German champion Andre Greipel (Lotto-Belisol) won stage six of the 2013 Tour de France in a sprint finish in Montpellier, while Daryl Impey (Orica-GreenEDGE) became the first South African ever to wear the yellow jersey, after finishing faster than team-mate Simon Gerrans.
After Greipel’s Lotto-Belisol team mate Jurgen van den Broeck was forced to abandon overnight, a victim of the big crash at the end of yesterday’s stage, the team timed their sprint train to perfection to deliver their man to victory.
The peloton drove a fast pace throughout and Greipel outsprinted Peter Sagan (Cannondale), Marcel Kittel (Argos-Shimano) and Mark Cavendish (Omega Pharma-Quickstep) to take his first stage victory of this year’s Tour.
Cavendish (crash) and Sagan (mechanical) had earlier fallen behind and had to expend precious energy to rejoin the bunch, leaving Greipel with more in reserve for the final sprint.
Greipel said: “I was really nervous – I told the guys to wait as long as possible and then everybody to stay together.
“We had the front with two kilometres to go and everyone can see we have some power.
“After Jurgen van den Broeck abandoned we just tried to stay focused. I am really proud of this team, that they support me and believe in me.”
Meanwhile, behind the sprinters, Impey took the maillot jaune after finishing five seconds ahead of team-mate Gerrans after the peloton split in the final sprint.
Earlier, Luis Angel Mate (Cofidis) had escaped as soon as Christian Prudhomme waved the start flag, but the Spaniard was not joined by any other riders and was caught after 40km.
In hot conditions, with a strong crosswind, the peloton – also missing Maxime Bouet (Ag2r-La Mondiale) after his overnight withdrawal – remained as one for much of the stage.
The intermediate sprint, which was slightly uphill with the summit of the category four Col de la Vayede just five kilometres away, was contested but was not frantic.
Once again Greipel crossed it first, with Cavendish second and Alexander Kristoff (Katusha) and Sagan third and fourth respectively.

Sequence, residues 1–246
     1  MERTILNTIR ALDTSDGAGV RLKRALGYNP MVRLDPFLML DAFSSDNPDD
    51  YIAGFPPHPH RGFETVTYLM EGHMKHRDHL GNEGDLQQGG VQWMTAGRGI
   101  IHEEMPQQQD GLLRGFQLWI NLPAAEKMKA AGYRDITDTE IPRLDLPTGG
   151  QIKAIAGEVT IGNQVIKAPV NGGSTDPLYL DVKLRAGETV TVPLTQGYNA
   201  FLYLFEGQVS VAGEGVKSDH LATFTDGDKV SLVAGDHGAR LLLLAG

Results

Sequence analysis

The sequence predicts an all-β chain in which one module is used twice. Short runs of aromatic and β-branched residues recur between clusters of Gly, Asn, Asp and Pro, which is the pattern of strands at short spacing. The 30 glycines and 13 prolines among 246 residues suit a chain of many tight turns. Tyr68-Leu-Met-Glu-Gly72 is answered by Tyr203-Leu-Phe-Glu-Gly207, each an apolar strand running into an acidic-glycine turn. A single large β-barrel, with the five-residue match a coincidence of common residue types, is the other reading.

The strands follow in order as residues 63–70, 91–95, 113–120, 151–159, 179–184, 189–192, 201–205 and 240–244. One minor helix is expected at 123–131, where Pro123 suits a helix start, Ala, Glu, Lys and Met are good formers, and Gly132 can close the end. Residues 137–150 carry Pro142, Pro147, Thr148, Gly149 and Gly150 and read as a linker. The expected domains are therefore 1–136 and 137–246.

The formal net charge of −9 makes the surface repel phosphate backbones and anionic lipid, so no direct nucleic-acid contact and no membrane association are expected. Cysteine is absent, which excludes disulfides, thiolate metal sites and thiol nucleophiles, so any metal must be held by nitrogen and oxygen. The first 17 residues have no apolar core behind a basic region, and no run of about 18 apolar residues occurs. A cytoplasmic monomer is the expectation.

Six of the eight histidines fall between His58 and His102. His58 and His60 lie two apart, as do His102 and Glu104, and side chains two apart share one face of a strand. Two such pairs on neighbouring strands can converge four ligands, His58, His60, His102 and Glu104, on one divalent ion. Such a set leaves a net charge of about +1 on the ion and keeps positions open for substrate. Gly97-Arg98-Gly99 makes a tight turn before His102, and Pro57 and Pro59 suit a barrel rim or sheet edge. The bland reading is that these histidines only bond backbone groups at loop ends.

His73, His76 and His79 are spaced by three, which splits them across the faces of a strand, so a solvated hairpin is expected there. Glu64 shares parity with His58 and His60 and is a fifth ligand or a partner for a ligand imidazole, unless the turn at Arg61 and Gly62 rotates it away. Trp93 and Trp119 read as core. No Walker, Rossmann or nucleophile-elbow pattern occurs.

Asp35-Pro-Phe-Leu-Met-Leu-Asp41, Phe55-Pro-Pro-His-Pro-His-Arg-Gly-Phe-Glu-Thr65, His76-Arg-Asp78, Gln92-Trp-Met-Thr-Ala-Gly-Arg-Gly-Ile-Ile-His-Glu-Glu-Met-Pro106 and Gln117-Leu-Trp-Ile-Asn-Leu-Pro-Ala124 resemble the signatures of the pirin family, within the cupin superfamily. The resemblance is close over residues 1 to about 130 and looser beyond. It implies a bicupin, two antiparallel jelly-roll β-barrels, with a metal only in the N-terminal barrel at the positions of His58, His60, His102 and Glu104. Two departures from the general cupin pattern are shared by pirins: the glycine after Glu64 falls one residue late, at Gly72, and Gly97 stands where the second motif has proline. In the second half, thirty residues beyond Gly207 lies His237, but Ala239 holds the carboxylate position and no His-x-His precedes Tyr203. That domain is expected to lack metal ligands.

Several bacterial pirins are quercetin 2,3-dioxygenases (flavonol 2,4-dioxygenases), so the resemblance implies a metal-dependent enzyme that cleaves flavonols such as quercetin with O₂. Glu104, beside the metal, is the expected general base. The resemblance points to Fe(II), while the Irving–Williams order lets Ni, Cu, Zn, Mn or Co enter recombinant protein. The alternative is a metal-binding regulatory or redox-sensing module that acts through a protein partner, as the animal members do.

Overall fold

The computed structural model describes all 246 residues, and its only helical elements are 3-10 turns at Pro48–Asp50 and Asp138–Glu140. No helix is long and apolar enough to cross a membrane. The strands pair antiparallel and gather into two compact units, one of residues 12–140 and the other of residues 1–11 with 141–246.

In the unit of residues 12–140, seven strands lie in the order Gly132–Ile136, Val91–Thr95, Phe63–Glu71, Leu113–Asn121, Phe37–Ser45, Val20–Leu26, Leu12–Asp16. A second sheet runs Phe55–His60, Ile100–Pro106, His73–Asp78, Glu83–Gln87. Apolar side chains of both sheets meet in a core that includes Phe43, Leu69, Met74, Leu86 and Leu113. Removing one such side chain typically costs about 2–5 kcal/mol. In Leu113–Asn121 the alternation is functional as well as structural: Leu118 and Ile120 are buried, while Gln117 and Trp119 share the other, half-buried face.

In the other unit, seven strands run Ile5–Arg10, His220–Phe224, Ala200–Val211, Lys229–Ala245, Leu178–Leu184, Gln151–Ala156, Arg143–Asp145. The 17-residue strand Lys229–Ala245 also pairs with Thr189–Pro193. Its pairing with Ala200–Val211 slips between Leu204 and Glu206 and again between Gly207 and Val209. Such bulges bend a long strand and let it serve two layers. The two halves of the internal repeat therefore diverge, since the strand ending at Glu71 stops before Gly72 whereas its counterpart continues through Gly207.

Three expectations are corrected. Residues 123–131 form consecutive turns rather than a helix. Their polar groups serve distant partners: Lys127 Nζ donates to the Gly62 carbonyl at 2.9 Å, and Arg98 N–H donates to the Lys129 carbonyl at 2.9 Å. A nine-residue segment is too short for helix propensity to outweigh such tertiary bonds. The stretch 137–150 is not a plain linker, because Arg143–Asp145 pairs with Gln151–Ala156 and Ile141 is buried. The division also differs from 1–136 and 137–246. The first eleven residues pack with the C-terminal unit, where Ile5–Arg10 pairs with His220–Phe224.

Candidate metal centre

Team Sky’s Kanstantsin Siutsou took the solitary climbing point on offer moments later but, at the back of the peloton, Nacer Bouhanni (FDJ) was dropped as he struggled with stomach problems.
Bouhanni abandoned to become the sixth person to leave this year’s Tour and Kesiakoff followed suit shortly afterwards to leave the Kazak team with just seven riders.
The peloton continued to drive a fast pace on the flat terrain, touching 60km/h as they passed the feed zone – far too quick for the riders to collect their musettes, prompting a slight reprieve as riders dropped back to the team cars for sustenance.
Several teams tried to slow the pace Orica-GreenEDGE were setting but the Australian team continued to ride at speed.
Sagan was forced to drop back after suffering a mechanical, and was still unhappy with his bike after both wheels were changed, but rejoined the bunch.
Meanwhile, as a number of roundabouts thinned the peloton, Cavendish crashed and found himself 40 seconds back with his British national champion jersey badly torn.
However, the Manx Missile propelled himself through the cars, including bunny-hopping across a roundabout with vehicles inches beside him, to rejoin the bunch with 30km to go.
The peloton continued to push a quick pace, setting themselves up for a bunch sprint in Montpellier with Saxo-Tinkoff and Omega Pharma-Quickstep leading the bunch into the final 10km.
A crash at the back saw Janez Brajkovic (Astana) hit the deck hard, losing a significant amount of time in the process, while the pace of the peloton dropped a number of riders off the back.
At the front Lotto-Belisol came forward to set Greipel up for the final sprint, and the 30-year-old comfortably outpaced his rivals to take the victory.
Impey surged ahead of Gerrans in the final sprint, meanwhile, meaning he was given a time five seconds faster than the yellow jersey holder.
However, while Gerrans had been unhappy with his team-mate the previous day for attacking late on, the South African’s decision to leave his leader proved crucial as Edvald Boasson Hagen (Team Sky) would otherwise have claimed the overall lead.
Tour de France 2013 – stage six – result
1 André Greipel (GER) Lotto-Belisol – 3:59:02 hours
2 Peter Sagan (SVK) Cannondale – same time
3 Marcel Kittel (GER) Argos-Shimano
4 Mark Cavendish (GBR) Omega Pharma-Quickstep
5 Juan Jose Lobato (ESP) Euskaltel-Euskadi
6 Alexander Kristoff (NOR) Katusha
7 Jose Joaquin Rojas Gil (ESP) Movistar
8 Danny van Poppel (NED) Vacansoleil-DCM
9 Roberto Ferrari (ITA) Lampre-Merida
10 Samuel Dumoulin (FRA) Ag2r-La Mondiale
1 Daryl Impey (RSA) Orica-GreenEDGE – 22:18:17 hours
2 Edvald Boasson Hagen (NOR) Sky Procycling +3″
3 Simon Gerrans (AUS) Orica-GreenEDGE +5″
4 Michael Albasini (SWI) Orica-GreenEDGE – same time
5 Michal Kwiatkowski (POL) Omega Pharma-Quickstep +6″
6 Sylvain Chavanel (FRA) Omega Pharma-Quickstep – same time
7 Christopher Froome (GBR) Sky Procycling +8″
8 Richie Porte (AUS) Sky Procycling same time
9 Nicolas Roche (IRL) Team Saxo-Tinkoff +14″
10 Roman Kreuziger (CZE) Team Saxo-Tinkoff – same time